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Why the Government Should Invest in Clean Energy

At a clean energy summit today, Energy Secretary Steven Chu said that, over the long-term, government support allows innovation to thrive.


The American idea of innovation centers on a lonely genius toiling in his lab or experimenting out in the field. That’s how Thomas Edison invented the lightbulb, Alexander Graham Bell created the telephone, and the Wright Brothers launched the first airplane. But the Wright Brothers didn't create the aerospace industry alone—that required some institutional support. Building on that idea, Secretary of Energy Steven Chu argued today at a clean energy summit in Las Vegas that, over the long-term, government support allows innovation to thrive.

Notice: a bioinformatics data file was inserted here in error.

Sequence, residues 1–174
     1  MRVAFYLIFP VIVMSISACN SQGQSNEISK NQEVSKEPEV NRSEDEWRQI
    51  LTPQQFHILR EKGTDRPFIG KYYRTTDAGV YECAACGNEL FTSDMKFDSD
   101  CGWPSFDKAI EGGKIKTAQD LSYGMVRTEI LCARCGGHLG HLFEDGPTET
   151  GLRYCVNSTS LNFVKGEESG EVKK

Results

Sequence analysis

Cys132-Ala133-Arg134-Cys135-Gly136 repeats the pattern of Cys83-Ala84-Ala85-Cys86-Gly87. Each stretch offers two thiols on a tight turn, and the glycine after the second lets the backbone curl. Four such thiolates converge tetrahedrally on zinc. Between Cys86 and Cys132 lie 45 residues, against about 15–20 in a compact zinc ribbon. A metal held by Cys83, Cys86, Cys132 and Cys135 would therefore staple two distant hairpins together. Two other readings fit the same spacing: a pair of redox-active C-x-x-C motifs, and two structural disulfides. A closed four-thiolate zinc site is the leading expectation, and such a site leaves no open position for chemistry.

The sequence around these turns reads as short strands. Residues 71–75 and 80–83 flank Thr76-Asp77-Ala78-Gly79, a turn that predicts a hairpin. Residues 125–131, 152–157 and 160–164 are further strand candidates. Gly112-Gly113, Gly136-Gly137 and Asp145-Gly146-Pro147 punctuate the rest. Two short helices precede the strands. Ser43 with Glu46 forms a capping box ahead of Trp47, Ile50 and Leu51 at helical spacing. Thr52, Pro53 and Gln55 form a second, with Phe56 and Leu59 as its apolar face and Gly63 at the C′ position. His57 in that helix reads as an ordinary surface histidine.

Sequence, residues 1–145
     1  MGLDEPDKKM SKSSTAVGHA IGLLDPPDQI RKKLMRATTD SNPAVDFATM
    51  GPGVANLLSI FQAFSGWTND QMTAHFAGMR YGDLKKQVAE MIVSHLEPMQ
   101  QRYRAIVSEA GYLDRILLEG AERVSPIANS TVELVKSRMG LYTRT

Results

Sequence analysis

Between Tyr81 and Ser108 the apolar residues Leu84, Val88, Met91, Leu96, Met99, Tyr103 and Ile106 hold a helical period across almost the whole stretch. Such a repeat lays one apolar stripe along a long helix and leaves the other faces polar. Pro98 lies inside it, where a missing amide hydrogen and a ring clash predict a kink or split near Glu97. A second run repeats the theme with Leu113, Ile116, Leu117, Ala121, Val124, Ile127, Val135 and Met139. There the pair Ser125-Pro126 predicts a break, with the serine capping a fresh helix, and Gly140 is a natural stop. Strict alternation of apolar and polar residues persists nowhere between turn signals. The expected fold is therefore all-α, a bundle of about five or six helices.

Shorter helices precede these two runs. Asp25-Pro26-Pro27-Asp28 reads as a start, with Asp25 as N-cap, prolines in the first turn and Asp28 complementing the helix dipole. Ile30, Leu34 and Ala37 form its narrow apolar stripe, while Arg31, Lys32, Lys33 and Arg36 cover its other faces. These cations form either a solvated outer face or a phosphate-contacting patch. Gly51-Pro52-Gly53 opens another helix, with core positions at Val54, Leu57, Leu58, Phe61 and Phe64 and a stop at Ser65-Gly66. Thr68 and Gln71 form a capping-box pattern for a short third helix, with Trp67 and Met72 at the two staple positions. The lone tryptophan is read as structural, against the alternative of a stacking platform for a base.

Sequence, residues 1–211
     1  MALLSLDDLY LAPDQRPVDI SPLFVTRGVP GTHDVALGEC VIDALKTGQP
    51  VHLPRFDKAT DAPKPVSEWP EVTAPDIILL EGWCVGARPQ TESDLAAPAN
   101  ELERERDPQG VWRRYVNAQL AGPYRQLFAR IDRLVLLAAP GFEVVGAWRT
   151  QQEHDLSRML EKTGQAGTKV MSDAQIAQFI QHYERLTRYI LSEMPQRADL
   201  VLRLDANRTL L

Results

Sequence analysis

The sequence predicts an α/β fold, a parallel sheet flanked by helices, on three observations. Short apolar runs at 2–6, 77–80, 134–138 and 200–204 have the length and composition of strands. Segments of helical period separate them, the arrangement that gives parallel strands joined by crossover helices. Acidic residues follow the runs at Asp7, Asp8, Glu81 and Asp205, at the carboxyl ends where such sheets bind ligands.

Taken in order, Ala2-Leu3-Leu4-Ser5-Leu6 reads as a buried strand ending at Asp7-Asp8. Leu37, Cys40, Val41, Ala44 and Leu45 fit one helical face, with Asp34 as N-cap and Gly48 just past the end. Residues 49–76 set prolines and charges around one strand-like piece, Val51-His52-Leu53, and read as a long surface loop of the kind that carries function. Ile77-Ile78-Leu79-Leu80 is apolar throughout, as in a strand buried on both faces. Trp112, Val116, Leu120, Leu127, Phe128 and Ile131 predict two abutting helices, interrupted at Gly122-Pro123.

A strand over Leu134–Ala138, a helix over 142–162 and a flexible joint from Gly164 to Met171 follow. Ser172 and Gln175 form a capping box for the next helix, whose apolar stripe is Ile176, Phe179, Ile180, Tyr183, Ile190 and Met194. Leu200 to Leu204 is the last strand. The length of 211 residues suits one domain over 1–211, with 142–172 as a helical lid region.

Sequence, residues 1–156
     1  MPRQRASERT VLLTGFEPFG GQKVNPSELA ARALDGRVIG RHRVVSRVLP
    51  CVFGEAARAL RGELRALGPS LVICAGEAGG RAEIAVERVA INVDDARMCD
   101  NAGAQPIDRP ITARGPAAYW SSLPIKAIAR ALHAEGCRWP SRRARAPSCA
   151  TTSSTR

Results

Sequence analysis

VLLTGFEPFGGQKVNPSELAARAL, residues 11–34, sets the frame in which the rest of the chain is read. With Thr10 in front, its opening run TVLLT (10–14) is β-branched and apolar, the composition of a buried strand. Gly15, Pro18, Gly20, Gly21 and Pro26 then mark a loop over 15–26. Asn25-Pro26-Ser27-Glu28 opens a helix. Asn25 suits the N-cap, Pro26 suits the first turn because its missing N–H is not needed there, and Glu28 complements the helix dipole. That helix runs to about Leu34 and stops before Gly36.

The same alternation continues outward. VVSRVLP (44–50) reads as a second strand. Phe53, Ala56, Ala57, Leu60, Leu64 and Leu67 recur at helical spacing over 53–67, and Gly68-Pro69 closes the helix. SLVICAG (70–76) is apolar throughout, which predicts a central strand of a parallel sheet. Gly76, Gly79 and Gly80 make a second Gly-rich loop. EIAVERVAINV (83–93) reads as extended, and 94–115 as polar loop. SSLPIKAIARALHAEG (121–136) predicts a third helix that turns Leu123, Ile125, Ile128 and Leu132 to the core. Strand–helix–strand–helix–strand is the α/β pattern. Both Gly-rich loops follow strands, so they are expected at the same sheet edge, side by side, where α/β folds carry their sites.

The summit, which is in its fourth year, is convened by Senate Majority Leader Harry Reid and partners from the academic, business, and think tank worlds. Chu said in a speech this morning that the federal government must help incubate clean energy innovation in order for the country to prosper.

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Chat About Energy with Secretary Steven Chu Wednesday

Energy Secretary Steven Chu is taking questions live Wednesday. Here's what we'll be asking.

A couple of weeks ago, Energy.gov got a makeover, and the new media folks at the Department of Energy announced a few new running features for the site. One of these is a series of live web-chats with Department experts called Energy Matters. The first Energy Matters chat is tomorrow, and it's with the head honcho himself: Secretary Steven Chu.

The announcement:

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The (Hidden) Energy Costs in Energy-Efficient Fridges

David Owen argues that more efficient fridges doesn't always equal lowered energy use.

In light of GOOD's Energy Issue, I decided to look into how one household technology transforms our relationship with food:

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